Calgary

Weed & mental health: Canada's legalization creates research challenges, opportunities

Studying the connection between recreational cannabis use and mental health outcomes is a huge opportunity for researchers, thanks to Canada's completely legal framework, but the state-by-state approach south of the border may be a fly in the ointment.

Hundreds of compiled studies still leave questions

New research from the University of Calgary hopes to compare studies from Canada, where cannabis is fully legal, with reports from the United States, where there is a state-by-state approach. (Darryl Dyck/The Canadian Press)

Studying the connection between recreational cannabis use and mental health outcomes is a huge opportunity for researchers, thanks to Canada's completely legal framework, but the state-by-state approach south of the border may be a fly in the ointment.

"We wanted to know the current knowledge base of cannabis and mental health to support future research and policy development in Canada," Fiona Clement told The Homestretch.

"We found over a thousand studies, but there are still many, many gaps."

Clement is an associate professor at the University of Calgary and the lead researcher in a new study, Cannabis and Mental Health: Priorities for Research in Canada.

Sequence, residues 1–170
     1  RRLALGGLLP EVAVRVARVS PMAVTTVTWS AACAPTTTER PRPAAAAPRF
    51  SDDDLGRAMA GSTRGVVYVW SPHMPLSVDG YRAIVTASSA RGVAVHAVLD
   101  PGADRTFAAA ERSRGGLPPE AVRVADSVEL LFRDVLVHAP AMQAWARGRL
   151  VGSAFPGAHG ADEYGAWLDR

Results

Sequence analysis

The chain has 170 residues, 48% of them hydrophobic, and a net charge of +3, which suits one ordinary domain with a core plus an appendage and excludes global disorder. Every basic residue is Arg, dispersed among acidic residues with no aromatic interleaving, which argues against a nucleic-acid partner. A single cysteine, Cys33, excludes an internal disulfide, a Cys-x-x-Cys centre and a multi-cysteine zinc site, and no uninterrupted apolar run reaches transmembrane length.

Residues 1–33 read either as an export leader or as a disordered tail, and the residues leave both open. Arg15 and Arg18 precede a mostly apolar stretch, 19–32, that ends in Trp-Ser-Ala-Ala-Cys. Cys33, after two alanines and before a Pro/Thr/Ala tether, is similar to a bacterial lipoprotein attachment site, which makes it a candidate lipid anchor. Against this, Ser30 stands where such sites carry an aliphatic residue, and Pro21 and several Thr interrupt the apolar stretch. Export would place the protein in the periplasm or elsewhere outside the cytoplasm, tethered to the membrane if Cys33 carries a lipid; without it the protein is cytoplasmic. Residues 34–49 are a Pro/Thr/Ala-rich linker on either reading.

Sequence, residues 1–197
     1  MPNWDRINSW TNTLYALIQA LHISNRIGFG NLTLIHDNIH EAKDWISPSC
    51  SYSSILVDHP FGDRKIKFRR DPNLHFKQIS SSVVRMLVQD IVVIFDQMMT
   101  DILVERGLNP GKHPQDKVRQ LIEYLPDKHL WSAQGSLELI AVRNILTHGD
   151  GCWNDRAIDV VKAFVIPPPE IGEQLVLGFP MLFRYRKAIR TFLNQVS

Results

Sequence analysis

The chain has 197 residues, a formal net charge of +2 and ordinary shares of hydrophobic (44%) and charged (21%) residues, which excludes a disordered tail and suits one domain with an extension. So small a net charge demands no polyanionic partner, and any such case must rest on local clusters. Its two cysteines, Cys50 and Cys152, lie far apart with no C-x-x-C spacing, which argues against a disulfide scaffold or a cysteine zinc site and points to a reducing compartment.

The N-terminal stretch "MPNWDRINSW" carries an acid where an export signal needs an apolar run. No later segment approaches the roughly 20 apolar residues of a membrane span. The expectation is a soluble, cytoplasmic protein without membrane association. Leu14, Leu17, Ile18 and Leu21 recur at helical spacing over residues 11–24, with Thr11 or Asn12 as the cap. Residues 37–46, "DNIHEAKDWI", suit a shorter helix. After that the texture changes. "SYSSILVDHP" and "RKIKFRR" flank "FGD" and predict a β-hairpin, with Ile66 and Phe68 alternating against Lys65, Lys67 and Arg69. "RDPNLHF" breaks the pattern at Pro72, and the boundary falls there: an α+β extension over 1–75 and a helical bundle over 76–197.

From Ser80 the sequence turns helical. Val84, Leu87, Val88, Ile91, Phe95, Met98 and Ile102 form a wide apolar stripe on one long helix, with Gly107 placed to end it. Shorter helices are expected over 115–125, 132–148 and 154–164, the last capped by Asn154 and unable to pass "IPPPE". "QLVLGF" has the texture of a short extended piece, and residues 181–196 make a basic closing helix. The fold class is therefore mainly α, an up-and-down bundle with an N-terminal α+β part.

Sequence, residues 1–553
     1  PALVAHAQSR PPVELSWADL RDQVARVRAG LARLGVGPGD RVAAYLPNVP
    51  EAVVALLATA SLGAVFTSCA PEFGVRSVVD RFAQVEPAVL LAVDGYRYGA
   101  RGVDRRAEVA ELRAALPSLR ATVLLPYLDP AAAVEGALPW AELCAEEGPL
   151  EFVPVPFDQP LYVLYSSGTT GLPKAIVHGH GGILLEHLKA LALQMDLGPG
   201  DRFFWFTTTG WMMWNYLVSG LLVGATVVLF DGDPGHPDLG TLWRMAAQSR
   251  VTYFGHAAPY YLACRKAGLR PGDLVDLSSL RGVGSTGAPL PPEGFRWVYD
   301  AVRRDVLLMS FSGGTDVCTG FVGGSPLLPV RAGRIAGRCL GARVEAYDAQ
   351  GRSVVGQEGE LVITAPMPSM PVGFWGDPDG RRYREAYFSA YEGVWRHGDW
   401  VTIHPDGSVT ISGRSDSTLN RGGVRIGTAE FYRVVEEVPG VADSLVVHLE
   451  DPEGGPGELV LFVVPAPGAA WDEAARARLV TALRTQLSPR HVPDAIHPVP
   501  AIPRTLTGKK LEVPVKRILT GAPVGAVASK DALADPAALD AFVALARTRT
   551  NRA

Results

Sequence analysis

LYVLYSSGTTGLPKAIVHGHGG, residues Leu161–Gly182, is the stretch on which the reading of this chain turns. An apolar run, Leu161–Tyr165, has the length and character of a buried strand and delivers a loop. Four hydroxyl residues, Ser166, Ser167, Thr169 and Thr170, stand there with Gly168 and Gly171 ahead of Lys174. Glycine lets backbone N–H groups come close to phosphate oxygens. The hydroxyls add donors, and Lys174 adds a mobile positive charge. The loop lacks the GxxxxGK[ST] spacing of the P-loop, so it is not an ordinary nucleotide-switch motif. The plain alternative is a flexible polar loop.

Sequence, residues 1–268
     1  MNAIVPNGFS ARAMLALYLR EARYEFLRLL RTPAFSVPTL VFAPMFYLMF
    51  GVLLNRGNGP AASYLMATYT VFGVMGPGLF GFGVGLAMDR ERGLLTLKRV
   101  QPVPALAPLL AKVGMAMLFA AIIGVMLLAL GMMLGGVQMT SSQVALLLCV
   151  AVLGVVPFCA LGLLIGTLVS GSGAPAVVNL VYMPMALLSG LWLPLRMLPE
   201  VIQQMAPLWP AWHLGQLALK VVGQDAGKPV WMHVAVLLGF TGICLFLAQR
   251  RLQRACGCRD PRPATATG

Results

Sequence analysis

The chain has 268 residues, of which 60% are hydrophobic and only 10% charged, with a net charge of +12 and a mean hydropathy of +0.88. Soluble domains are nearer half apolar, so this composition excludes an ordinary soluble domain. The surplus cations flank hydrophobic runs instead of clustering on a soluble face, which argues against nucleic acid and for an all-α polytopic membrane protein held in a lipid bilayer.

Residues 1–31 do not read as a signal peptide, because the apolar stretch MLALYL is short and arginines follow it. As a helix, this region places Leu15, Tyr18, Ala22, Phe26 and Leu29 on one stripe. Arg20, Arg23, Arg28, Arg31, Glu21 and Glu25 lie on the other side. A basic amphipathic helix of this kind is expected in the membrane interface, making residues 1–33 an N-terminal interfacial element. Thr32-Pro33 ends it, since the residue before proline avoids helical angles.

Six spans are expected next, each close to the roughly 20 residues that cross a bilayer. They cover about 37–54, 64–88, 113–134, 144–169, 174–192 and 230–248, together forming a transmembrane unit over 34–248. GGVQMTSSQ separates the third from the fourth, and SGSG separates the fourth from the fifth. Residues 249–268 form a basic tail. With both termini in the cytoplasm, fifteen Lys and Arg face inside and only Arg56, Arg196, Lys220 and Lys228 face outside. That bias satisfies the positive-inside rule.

U of C associate professor Fiona Clement is also the director of the health technology assessment unit within the O’Brien Institute of Public Health. (Riley Brandt/University of Calgary)

"What we know from reading hundreds of studies, there is an association between cannabis use and mental health, but what we don't know is about causation," she said.

"Many of these studies use a design that cannot tell you anything about whether cannabis use leads to mental health disorders or for people who have mental health disorders, whether cannabis use is more common."

Some of the studies, done in jurisdictions where cannabis is illegal, include many factors on top of cannabis use. And people are often hesitant to report or they underreport when self-reporting the use of an illegal drug.

"Many of these studies also assessed things like other substance use, exposure to traumatic events, multiple negative social determinants of health," Clement said.

Cannabis among weakest factors

"When we look at all the factors, although there was an association between cannabis and mental health outcomes, often it was among the weakest. It is important to remember that broader context with a lot of different factors making a contribution."

University of Calgary is partnering with the Mental Health Commission of Canada moving forward.

"Canada is the only westernized nation with a completely legal framework at all levels, so we have a natural advantage here. It's an exciting opportunity for Canadian researchers and also a responsibility for us to learn as much as we can and share that."

The commission says the research will have significant future use.

"The results of this report will help inform and set new research priorities in Canada," Ed Mantler said in a release.

The Mental Health Commission of Canada is working with the University of Calgary to understand the connection between cannabis use and mental health. Fiona Clement from the University of Calgary is the lead researcher on the latest study, and joins us to discuss the research. 8:29

With files from The Homestretch

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